LAS VEGAS - Nevada on Thursday asked the 9th U.S. Circuit Court of Appeals in San Francisco to put a hold on a lower court's order that would scrap the state's decades-old voting option of "none of the above."
The state must finalize ballots for overseas and military voters by Sept. 7, which isn't enough time to get a ruling on the state's appeal, the Nevada attorney general's office argued in the emergency motion.
U.S. District Judge Robert Jones last week struck down the ballot choice. He ruled the ballot option unconstitutional because votes for "none" don't count in election tallies and cannot win. Two days later, the attorney general's office filed notice that it planned to appeal.
The deadline for mailing ballots overseas is Sept. 22, or 45 days before the election. Ballots take two weeks to be printed, Deputy Attorney General Kevin Benson pointed out in the motion for a stay.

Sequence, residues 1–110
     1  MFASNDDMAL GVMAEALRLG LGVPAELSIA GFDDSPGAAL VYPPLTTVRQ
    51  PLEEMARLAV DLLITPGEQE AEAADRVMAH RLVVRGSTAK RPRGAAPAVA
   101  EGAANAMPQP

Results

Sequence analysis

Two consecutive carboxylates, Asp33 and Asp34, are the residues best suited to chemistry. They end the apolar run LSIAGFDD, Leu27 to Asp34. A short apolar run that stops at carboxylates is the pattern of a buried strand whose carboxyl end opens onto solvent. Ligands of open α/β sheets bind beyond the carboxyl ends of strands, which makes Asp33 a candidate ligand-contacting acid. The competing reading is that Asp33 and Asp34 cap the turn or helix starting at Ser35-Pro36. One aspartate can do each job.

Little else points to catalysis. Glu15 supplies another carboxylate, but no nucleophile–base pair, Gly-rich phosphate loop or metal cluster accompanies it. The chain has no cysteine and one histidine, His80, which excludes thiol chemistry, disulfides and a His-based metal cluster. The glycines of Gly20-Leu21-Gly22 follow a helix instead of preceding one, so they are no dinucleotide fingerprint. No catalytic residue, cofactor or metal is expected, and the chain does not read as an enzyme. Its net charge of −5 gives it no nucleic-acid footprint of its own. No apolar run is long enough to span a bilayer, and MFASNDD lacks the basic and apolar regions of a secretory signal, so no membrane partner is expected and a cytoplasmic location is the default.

The secretary of state's concern is that ballots could be mailed overseas without "none of the above" as one of the choices. If the option were upheld on appeal before the election, those overseas voters would be deprived of one of their legitimate choices.
"As a result, Nevada voters will suffer irreparable harm," the motion said.
The secretary of state further argued that it was likely to succeed on appeal, a precondition for being granted a stay.
The District Court judge, Jones, had refused to grant a stay.
The Republican National Committee financed the lawsuit out of fears that votes for "none" could influence the outcomes of what are expected to be close presidential and Senate races in Nevada.
"None of the above" has appeared on every ballot for Nevada statewide races since 1976.
No other state offers a "none of the above" option.